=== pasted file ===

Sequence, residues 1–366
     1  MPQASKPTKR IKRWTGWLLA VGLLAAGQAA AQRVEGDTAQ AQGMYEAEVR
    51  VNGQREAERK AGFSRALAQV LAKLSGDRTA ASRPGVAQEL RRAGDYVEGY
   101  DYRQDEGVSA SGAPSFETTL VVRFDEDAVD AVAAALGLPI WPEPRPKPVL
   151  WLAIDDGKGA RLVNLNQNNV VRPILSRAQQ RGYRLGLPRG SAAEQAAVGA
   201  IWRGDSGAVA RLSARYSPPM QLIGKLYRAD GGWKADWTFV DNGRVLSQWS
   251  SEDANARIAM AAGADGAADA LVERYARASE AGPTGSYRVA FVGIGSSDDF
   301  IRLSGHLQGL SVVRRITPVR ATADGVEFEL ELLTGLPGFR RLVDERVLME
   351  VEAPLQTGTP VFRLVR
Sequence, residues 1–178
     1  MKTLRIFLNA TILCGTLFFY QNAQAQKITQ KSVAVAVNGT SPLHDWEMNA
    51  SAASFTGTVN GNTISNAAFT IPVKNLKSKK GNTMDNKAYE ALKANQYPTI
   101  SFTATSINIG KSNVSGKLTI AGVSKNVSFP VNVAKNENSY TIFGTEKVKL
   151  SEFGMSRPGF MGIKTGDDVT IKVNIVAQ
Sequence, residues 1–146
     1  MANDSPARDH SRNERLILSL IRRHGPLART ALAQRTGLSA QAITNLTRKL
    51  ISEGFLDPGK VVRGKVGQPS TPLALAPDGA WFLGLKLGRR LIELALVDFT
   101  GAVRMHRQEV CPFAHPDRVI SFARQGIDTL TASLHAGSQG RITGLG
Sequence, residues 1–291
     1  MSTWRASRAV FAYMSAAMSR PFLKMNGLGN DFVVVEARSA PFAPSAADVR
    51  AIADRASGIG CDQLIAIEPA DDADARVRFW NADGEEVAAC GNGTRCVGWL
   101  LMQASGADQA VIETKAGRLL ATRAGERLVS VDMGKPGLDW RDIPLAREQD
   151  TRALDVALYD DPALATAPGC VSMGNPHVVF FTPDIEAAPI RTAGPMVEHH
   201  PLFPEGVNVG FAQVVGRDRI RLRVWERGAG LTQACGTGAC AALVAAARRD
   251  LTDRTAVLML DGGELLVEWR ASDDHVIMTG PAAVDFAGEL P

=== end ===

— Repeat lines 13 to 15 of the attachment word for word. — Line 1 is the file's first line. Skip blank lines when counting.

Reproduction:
   101  SFTATSINIG KSNVSGKLTI AGVSKNVSFP VNVAKNENSY TIFGTEKVKL
   151  SEFGMSRPGF MGIKTGDDVT IKVNIVAQ
Sequence, residues 1–146